Epson is Serious About Colour Light Output

To the right of Lang, you can see Epson’s controversial DLP vs LCD demo area. We have a bigger image belowWe stepped on to Epson’s stand in middle of a presentation by Karl Lang, a colour specialist at US-based Lumita Labs. We have met Lang before (Is There a New Number for Projector Performance?), when he began to bring us around to the idea of Epson’s colour light output as a serious metric for projectors. However, at ISE he was mostly going over the same ground, so read the article for more information.

One of the newest projectors from Epson was – as most other big makers were showing – a laser model. It is called the EB-L25000U, and is said to be the first 3LCD model with 25,000 lumens of both white and colour brightness. The projector is the first in Epson’s new Pro L-series.

Resolution is 1920 x 1200 and the supplied lenses are UltraHD-capable (they can also be used on UltraHD projectors). This is important for rental and staging projectors, which is the target market for this model. Additionally, Epson provides a 20,000-hour warranty for the projector. This is an unusual step, as most LCD panels will begin to degrade before this point. Product manager Daniel Rose explained that the company uses inorganic material in its LCD panels and phosphor wheel, which extends the lifetime; most other companies use an organic phosphor, he said. The L25000U can also operate 24/7.

The L25000U features an integrated camera for automatic image correction. It will be released in Q3, and more details will be shared at InfoComm in June.

We were told that the projector’s lifetime is 20,000 hours, or 56,000 in constant brightness mode. We are questioning this with Epson, as maintaining a constant brightness involves driving the light source harder and thus impacts its lifetime; for example, Panasonic’s ‘Brightness Priority’ mode (Panasonic Emphasises Laser Cost-Savings).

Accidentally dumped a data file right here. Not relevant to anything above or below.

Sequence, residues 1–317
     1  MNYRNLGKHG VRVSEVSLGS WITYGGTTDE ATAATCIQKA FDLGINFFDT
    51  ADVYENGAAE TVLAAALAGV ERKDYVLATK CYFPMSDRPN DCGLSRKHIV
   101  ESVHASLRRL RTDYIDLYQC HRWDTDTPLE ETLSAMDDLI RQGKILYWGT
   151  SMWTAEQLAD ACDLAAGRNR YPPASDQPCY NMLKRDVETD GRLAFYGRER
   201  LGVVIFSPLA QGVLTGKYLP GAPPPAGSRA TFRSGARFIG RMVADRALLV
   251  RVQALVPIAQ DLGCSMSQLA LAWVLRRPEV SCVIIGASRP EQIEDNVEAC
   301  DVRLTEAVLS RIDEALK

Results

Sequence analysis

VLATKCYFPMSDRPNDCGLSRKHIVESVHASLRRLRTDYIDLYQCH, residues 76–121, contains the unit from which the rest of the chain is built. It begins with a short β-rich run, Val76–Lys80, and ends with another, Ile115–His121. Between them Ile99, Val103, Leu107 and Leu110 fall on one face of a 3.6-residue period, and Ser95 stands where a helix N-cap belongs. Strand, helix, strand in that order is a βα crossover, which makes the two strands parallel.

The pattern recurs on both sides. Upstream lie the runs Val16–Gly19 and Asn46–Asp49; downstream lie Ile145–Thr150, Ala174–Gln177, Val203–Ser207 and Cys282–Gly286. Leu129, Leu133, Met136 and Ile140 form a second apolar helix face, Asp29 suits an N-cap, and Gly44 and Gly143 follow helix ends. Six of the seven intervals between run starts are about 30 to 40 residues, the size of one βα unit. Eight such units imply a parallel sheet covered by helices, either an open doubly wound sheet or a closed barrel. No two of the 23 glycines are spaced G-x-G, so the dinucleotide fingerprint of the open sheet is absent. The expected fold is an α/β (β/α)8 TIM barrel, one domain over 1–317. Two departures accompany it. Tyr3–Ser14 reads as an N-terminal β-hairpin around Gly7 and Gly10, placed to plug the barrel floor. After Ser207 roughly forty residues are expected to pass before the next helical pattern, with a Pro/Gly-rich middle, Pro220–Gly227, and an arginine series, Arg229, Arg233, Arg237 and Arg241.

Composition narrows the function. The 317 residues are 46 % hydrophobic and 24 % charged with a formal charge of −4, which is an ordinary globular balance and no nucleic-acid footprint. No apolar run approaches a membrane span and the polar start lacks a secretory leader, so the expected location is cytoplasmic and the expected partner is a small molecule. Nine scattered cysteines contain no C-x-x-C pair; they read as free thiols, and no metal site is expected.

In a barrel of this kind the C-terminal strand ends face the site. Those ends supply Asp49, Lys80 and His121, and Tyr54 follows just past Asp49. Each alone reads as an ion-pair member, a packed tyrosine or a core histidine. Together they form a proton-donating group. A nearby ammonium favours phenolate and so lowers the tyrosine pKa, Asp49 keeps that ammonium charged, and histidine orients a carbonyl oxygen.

Epson L25000U LCD projectorAs well as the Pro L-series, Epson introduced the Pro L1000-series of installation projectors, ranging from 6,000 to 12,000 lumens. These laser projectors feature nine optional lenses, including what is said to be the world’s first ‘zero-offset’ UST lens. They can be operated 24/7 and all feature 1920 x 1200 resolution.

Although there are six models in L1000 range, two of them are simple colour variations of the 8,000 and 12,000 lumen projectors.

Epson’s L1000 range consists of the Pro L1100U/NL (6,000 lumens); Pro L1200U/NL (7,000 lumens); L1300U/NL and L1405U/NL (white/black; 8,000 lumens); Pro L1500U/NL and Pro L1505U/NL (white/black; 12,000 lumens). Again, Epson supplies a five-year, 20,000-hour warranty. These products will be shipped in July.

Alongside the laser projectors was a range of lamp-based products called the EB-G7000 series (EB-G7800, EBG7200W, EB-G7000W, EB-G7905U, EB-G7900U and EB-G7400U). They are intended for higher education and premium corporate use. Epson will begin to ship the projectors from May.

Analyst Comment

Lang gave us a demo of part of the CLO set up. This showed how, in a rental and staging application, under very high levels of ambient light, from spotlights, the Epson three panel projector maintained much more accurate colour. Of course, three DLP projectors would do the same. As we arrived, a couple of technicians from Panasonic were leaving – they had been trying to improve the look of their unit, but couldn’t do much. Lang told us that he was representing 3LCD rather than Epson.

We discussed the RGBW LEDs that we had seen in Samsung’s meeting rooms. Lang said that he had no objection to RGBW or other pixel formats, if its well implemented, it can save power and still produce good CLO. He reinforced the point to us that the only way to know is to measure the CLO.

As we report in this week’s issue, Lang has become chair of the ICDM Front Projector Measurements subcommittee.

TI, and its partners, were showing that single chip DLP can show accurate colour. There is no dispute over this, but the 3LCD/Lang position is that if they use RGBW colour wheels, they can’t do this at the rated maximum brightness. (BR)

Epson CLO DemoEpson’s CLO Demo has the Epson projector at the bottom left. Projectors were set up in the mode at which they produce the rated highest brightness. Image: Meko